I was conscious of staff problems within industries like transport and hospitality, but that this crisis has also hit the Irish thoroughbred world had not crossed my mind.
That is until I recently met up with Tara Stud Manager Derek Iceton. “I currently have staff vacancies. It is just impossible to fill them and this means loss of business,” he says.
Sixty-one-year-old Derek was born into the thoroughbred industry on the 1000 acres that stretch from the historic Hill of Tara across the Gowran Valley up to Columcill’s Hill of Skryne.
His dad Bill was a founder member and then Chairman of the then newly formed Irish Thoroughbred Breeders Association (ITBA). Derek has served two terms as ITBA Chairman, is a former Chairman of the International Thoroughbred Breeders and has deep knowledge of this industry.
As he sees it, the genesis of this crisis is threefold. “Firstly, Irish farmer sons and daughters are no longer taking up stud jobs as they did before. Secondly, with their home economy much improved, Polish workers are not coming here, and thirdly, our work permit system is almost impossible to navigate.
“Last year at the Breeders Cup in California I heard of two workers from Zimbabwe looking for work. So I applied for two-year working permits for them.
"This was last October and I still have had no word from the Department of Enterprise, Trade and Employment. With some outside-the-box thinking, that system can and must be eased up.”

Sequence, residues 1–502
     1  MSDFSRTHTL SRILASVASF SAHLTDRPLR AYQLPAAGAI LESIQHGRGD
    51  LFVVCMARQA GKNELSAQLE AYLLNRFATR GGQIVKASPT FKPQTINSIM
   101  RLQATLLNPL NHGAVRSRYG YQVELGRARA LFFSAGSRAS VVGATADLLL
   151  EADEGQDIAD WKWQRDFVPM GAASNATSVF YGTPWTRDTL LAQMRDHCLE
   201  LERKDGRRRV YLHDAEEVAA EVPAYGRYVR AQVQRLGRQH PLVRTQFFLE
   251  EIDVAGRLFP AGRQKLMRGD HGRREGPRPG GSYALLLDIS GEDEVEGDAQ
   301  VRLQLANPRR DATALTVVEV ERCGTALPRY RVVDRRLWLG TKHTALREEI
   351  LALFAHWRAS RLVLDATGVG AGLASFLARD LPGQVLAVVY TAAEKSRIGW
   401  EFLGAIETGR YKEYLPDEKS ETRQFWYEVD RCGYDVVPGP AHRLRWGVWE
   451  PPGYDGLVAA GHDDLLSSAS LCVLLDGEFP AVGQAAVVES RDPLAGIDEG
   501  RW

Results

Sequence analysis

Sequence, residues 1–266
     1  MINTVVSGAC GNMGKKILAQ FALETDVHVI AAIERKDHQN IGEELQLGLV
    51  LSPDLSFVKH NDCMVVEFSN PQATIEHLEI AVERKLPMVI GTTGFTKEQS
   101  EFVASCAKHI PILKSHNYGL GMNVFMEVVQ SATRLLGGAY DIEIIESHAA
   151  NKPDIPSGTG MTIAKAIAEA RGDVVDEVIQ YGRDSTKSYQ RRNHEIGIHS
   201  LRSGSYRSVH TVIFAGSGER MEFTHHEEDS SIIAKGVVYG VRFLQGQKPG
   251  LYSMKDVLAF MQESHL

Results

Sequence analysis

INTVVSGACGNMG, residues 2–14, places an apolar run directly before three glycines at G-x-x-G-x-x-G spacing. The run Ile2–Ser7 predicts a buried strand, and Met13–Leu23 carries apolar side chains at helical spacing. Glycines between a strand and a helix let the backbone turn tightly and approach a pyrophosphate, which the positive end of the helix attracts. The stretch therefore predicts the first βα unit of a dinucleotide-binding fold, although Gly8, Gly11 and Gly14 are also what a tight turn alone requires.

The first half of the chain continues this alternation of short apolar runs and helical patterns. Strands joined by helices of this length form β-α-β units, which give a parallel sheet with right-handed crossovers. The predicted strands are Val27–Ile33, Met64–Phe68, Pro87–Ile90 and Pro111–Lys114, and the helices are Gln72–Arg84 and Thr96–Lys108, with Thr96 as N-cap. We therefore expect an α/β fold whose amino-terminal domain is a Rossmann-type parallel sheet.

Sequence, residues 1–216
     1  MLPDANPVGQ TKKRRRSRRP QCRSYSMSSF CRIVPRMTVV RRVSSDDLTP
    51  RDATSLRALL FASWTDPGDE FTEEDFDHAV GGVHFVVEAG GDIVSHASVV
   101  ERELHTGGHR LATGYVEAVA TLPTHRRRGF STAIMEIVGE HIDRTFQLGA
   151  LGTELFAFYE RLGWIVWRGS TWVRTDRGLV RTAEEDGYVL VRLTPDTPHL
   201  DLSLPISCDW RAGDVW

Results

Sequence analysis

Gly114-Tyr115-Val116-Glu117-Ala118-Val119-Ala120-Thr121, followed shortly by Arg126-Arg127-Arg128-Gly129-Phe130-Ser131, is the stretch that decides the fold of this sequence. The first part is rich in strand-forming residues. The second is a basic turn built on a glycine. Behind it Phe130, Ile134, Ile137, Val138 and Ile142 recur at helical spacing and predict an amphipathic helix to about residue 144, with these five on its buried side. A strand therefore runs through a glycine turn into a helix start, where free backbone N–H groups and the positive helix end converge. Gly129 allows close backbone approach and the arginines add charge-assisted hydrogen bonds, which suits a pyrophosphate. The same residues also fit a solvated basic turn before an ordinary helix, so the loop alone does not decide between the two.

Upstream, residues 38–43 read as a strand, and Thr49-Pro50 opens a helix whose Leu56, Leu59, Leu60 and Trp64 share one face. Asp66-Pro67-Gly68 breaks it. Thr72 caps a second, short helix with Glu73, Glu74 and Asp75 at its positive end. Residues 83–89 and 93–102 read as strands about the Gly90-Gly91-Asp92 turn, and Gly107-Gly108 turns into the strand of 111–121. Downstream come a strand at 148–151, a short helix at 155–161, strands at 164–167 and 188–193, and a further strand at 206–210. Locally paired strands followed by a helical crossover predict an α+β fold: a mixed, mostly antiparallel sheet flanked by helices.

He goes on to note that different to other industries, shortage of accommodation is not a problem. “I have rigged out one of our lovely old stone buildings and they are just standing out there empty,” he says with an unusual degree of frustration in his voice.
Derek also thinks that more can be done to encourage young Irish people back into the industry. He pinpoints the fact that studs have invested heavily in mechanical cleaning and bedding of stables.
“It is no longer just a matter of mucking out. Ours is one industry in which workers can become part of the action. They can invest in a leg of a horse and work their way up. It is a way of life and an art that has many advantages.”
In a nostalgic way he recalls a time at Tara when after lunch they had enough young workers to make up two seven-a-side football teams, while the same number of the more seasoned crew looked on. He is down to a staff of 12 and could use at least three more if he could get them.